Church here is interesting. I recognize the sermons that they preach from and the hymns that they sing. But sitting in a three hour service where I don’t understand a single word is difficult. I woke up Sunday SO ready for worship and was discouraged afterwards when I realized I had let three hours of sitting in God’s house go to waste because I didn’t understand the language. I felt convicted. Next Sunday I will remember that God hears every language. And worship is accepted by Him from every tongue. I should view that time as an opportunity to independently read and study the section being preached from and should sing the hymns in English if I know it. God gives me his love no matter what country I’m in, I should be doing the same for Him in His house.
I am working hard to break this language barrier by learning as many words and phrases as possible. Every time a conversation is being carried on that I feel I am a part of, I ask what is being said and how to respond in Romanian. My goal has been to learn ten words a day, but that has proved to be more easily said than done. So far I know about thirty words and phrases. Most of them are basic words and commands to use with the children that they are used to hearing. I know the kids can’t always understand what I am trying to convey to them, so I thank God that tickling, hugs, and smiles are universal.
My biggest fear being here is experiencing genuine loneliness for the first time. The eight hour time difference between me and the people closest to me is very hard. When I finally get to work where there is internet, it is 12 or 1 am at home and everyone is asleep. When I leave work in the afternoons, everyone is not quite waking up. And when I go to sleep at night, everyone is in the middle of their day and on lunch breaks. I am so used to having 24/7 constant and instant communication. With Facebook, texting, seeing colleagues at work, and family/ friends living so close to me, I am accustomed to picking up a phone or posting a status at any time I want to see or talk to someone. That isn’t the case here. I can’t call frequently and I don’t have internet at home yet to skype with. No texting. And facebook is limited because I am so busy. The socially-needy person in me wants to feel alone and abandoned. But to be honest, I don’t. I definitely miss my close friends and family and I do experience home-sickness at night. But coming here alone was a good decision. I feel empowered knowing that I don’t NEED the constant communication that I WANT to have. God is constantly affirming his love for me.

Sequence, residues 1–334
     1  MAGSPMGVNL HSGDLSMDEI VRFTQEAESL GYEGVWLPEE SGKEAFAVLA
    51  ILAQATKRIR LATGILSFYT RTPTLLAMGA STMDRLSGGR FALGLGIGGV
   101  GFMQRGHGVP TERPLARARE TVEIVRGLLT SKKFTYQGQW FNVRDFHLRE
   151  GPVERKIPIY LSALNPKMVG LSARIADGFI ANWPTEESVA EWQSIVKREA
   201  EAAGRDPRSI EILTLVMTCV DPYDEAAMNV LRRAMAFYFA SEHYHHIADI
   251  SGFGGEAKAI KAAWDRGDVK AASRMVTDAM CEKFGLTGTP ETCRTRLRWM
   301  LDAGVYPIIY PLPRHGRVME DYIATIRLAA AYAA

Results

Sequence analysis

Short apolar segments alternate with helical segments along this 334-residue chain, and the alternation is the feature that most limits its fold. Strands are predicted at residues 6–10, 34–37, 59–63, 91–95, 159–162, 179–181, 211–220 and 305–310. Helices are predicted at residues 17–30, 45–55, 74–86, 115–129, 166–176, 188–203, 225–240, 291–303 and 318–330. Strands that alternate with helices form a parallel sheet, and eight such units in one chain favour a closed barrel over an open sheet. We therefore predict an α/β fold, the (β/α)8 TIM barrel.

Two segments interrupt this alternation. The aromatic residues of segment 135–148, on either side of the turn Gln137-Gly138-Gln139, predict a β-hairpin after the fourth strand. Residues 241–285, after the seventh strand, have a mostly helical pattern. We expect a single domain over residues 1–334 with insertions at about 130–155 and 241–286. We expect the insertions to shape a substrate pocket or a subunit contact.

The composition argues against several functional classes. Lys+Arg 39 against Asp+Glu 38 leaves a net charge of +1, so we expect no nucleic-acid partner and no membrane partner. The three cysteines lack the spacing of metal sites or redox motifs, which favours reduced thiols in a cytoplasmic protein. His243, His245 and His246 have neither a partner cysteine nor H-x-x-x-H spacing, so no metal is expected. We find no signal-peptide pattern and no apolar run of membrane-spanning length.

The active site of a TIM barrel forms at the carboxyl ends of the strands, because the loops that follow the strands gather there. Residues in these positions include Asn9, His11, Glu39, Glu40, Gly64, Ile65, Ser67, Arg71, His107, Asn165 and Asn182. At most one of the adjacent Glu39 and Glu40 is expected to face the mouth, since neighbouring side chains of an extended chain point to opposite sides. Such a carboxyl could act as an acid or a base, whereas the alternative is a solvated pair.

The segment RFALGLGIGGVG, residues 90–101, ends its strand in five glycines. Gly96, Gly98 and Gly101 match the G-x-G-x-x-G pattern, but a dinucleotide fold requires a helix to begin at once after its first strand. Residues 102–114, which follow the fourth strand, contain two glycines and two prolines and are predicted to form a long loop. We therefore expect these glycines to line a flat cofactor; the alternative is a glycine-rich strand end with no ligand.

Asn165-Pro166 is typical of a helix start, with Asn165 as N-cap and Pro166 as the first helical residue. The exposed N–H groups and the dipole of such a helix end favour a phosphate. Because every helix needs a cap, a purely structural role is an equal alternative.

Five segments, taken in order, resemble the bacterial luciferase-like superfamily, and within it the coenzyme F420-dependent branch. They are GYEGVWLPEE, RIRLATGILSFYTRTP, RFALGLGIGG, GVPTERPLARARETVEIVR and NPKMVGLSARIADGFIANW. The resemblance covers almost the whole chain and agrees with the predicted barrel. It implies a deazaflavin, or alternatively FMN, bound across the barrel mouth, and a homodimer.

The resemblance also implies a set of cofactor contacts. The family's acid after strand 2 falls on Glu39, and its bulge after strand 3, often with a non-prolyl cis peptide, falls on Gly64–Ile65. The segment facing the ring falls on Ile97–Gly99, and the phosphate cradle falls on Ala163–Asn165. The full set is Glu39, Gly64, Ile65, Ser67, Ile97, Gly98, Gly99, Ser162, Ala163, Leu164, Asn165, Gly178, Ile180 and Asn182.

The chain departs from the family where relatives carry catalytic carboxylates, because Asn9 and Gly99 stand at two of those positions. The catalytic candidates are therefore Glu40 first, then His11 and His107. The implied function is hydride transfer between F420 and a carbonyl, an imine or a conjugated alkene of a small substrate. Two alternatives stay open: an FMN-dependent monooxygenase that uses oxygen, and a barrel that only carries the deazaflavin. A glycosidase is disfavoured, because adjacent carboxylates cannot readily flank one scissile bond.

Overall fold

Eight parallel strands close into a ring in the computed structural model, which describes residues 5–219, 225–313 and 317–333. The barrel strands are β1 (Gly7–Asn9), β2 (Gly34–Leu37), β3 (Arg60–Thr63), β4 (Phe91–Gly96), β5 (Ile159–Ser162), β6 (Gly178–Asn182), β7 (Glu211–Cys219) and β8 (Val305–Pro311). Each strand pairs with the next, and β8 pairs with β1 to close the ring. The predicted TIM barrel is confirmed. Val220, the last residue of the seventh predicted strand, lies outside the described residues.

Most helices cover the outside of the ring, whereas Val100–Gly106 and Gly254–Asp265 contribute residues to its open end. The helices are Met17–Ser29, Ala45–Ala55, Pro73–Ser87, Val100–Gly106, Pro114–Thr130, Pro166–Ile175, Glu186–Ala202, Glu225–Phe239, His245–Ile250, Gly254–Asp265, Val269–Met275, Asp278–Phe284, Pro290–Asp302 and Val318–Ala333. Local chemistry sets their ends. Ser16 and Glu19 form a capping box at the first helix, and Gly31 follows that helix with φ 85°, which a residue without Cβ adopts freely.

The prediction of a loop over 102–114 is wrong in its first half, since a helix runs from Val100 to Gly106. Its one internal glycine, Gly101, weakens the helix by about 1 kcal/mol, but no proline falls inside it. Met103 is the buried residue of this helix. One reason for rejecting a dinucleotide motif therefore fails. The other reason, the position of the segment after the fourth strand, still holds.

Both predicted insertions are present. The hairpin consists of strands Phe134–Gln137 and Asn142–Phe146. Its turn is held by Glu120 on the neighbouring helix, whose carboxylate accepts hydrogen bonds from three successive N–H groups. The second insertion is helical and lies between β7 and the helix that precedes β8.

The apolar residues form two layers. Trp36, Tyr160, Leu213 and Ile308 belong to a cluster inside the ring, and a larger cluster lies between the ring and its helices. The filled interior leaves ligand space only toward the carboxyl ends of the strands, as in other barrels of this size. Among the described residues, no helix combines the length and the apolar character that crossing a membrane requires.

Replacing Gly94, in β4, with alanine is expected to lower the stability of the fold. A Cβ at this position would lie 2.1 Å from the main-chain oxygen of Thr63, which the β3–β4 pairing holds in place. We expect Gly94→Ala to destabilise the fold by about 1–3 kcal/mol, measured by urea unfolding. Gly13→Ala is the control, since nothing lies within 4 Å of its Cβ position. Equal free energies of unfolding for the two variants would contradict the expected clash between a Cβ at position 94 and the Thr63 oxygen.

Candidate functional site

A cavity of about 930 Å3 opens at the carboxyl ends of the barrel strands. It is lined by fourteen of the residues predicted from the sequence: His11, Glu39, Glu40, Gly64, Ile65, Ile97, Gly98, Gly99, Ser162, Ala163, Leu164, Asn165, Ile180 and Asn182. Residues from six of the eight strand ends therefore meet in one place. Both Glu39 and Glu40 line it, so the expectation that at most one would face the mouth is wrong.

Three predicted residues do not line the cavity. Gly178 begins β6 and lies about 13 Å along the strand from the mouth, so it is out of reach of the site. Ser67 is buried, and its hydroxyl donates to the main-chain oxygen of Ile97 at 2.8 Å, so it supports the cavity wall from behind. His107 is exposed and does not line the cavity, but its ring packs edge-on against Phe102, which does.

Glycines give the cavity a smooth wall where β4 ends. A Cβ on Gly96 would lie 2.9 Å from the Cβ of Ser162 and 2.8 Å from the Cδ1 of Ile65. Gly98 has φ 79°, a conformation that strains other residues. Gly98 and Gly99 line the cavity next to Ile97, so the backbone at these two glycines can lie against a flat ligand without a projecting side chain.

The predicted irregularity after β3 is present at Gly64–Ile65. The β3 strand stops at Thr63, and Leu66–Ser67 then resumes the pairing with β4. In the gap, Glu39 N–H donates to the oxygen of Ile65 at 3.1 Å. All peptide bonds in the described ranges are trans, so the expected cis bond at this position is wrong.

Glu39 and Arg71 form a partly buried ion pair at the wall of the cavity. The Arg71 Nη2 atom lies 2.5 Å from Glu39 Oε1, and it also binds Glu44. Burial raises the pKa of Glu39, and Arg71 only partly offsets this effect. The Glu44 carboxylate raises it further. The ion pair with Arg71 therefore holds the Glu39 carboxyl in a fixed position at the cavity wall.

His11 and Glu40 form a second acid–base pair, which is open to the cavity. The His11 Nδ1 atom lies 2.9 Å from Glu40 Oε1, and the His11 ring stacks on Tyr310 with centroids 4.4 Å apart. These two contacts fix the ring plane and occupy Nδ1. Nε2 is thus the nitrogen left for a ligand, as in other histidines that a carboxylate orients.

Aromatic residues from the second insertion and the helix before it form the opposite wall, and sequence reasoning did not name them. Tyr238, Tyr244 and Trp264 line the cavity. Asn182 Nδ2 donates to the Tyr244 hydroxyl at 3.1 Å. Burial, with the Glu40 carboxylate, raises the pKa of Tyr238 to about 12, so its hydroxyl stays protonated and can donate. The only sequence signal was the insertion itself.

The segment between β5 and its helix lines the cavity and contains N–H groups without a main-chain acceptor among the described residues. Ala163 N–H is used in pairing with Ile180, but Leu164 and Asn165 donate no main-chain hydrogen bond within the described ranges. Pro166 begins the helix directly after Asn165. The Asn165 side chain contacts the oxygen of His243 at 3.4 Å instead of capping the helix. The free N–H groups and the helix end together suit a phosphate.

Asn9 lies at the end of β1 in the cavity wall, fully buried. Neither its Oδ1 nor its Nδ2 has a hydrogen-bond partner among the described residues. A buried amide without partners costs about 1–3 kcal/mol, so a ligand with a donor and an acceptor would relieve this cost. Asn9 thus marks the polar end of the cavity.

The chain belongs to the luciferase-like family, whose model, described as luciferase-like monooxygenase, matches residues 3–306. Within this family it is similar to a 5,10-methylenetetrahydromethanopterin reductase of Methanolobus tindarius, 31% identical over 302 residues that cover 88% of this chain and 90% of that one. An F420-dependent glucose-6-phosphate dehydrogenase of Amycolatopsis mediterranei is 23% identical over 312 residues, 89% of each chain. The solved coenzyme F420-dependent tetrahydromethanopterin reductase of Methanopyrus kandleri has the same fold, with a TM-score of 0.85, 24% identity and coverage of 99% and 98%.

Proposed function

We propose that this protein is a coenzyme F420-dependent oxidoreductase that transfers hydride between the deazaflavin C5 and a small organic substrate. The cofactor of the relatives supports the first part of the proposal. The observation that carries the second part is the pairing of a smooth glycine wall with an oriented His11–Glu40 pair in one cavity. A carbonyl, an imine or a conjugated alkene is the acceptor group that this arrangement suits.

“I will never leave you, never will I forsake you.” -Hebrews 13:5
Talk about a promise!! I am so comforted by this verse every day and I am reminded that God is my portion and that I don’t need to want for other things and people.
Being in Romania is not just giving me an opportunity to learn from the teachers and children, but to also become solely dependent on God. I am quickly learning that to survive these 90 days, I have to trust that God will provide the people to teach me, that He will supply the food I will try, that He will send me those I need to seek answers from, and that HE will use this time for His glory and will turn my life here into a living example of His love and faithfulness.
People keep asking me “aren’t you so afraid to come here all alone?” I wasn’t particuariluy scared until they kept asking! Then I started wondering “do I have a reason to be nervous? Did I make an unwise decision coming here alone so young?” God is quick to reassure me. Right after the devil put those thoughts in my head, I read this:
The phrase “do not be afraid” is written in the bible 365 times. That is a daily reminder to live every day fearless.

 And I only need 90 of those =)
Until next time,
Chow from Romania!
-Madalyn Payge <3